“I watched a snail crawl along the edge of a straight razor. That’s my dream; that’s my nightmare. Crawling, slithering, along the edge of a straight razor… and surviving.”
Zombie Joe’s Underground Theatre administers another dose of weird creepiness with The Horror, but this time the man injecting the hypodermic into your brain is Zombie Joe himself. The one-man show features Impresario of the Odd gyrating, walking, talking, and declaiming his way through a half-hour performance that takes audiences through several stages weirdness. The connective tissue between the different sections is tenuous – the whole thing feels like stream-of-consciousness – but moving a small group of viewers through the entire theatre scene-by-scene (reception area, main stage, back stage, even the bathroom!) lends a sense of progress even if the final destination remains unclear.
The first strategy of The Horror, employed before any dialogue is heard, is to confront audiences with something unexplained, possibly inexplicable: What is the gyrating dance at the beginning about? Isis some kind of commentary on the existential horror of modern life when Zombie Joe, dressed in business suit and carrying a briefcase, walks into a wall and his legs keep going even though further progress is impeded.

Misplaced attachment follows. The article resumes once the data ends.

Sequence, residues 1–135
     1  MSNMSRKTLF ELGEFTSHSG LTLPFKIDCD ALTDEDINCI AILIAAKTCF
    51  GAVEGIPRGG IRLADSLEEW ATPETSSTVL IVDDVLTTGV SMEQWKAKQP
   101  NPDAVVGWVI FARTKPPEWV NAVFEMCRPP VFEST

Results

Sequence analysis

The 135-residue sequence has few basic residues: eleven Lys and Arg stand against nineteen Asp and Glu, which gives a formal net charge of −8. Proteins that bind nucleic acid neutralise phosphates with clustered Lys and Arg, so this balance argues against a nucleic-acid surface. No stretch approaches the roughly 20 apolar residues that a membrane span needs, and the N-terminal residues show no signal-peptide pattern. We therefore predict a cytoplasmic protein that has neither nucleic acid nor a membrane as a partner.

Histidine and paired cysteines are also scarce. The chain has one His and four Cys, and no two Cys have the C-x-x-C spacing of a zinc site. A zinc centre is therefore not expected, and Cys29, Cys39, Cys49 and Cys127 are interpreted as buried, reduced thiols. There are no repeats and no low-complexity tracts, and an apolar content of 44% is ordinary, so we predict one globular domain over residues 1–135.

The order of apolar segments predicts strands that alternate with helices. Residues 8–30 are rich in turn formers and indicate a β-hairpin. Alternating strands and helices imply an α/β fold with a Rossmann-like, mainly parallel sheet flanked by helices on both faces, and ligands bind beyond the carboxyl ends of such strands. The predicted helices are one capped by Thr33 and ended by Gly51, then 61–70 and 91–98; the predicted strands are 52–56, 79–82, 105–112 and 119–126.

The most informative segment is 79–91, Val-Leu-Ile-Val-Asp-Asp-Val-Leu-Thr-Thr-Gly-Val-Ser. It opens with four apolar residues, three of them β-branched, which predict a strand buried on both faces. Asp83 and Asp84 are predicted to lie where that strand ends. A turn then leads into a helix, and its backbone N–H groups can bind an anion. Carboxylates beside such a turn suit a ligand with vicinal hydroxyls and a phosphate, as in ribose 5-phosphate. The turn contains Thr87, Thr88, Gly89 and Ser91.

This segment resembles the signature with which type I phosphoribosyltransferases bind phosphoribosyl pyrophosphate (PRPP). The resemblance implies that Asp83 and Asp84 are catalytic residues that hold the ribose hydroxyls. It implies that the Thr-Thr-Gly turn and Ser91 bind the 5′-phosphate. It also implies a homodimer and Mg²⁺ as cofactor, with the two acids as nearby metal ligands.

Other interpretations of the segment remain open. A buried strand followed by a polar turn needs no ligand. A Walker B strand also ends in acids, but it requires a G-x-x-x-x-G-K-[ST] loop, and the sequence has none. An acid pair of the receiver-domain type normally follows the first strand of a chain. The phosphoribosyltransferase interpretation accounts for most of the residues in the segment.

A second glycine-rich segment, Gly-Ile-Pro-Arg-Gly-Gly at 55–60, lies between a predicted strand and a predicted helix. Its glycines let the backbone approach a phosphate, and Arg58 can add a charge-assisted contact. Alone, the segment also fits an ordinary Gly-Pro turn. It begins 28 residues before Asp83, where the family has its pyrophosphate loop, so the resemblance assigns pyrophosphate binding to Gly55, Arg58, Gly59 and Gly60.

The second strategy, employed when Zombie Joe begins engaging his audience verbally, is to present serious, almost melodramatic monologues that alternate with incongruous juxtapositions, provoking viewers to laugh nervously, wondering whether what they heard is funny or merely weird.
The Horror justifies its title in a couple of highlight moments. In the first, Zombie Joe, holding an electric candle as the only illumination, listens for ghosts in the allegedly haunted theatre (there are a few creaking sounds), then asks audience members to reveal, in the darkness, the worst thing they have ever done. In the second, Zombie Joe delivers Colonel Kurtz famous monologue about snails and straight razors from Apocalypse Now before shifting in another direction. It’s a really perfect moment – a great performance of the character, not an impersonation of Brando.
Still, when all is said and done, The Horror is very much for audiences who have acquired a taste for the ZJU brand of immersive theatrical performance. Newcomers will probably be baffled, and even horror fans lured by the title may not find quite what they expected.
Hollywood Gothique's rating of The Horror
Zombie Joe’s one-man show is geared for fans of ZJU Theatre’s patented brand of bizarre performance. The uninitiated may prefer to wait for the somewhat more accessible horror-spoof, Attack of the Rotting Corpses, on September 17 & 18 or the next iteration of Urban Death: Tour of Terror during the Halloween season.
The Horror continues at Zombie Joe’s Underground Theatre on August 12 & 13, with performances at 8:30pm, 9:30pm & 10pm. The address is 4850 Lankershim Boulevard in North Hollywood. Tickets are $20 in advance & $25 at the door. For more info, visit: zombiejoes.com.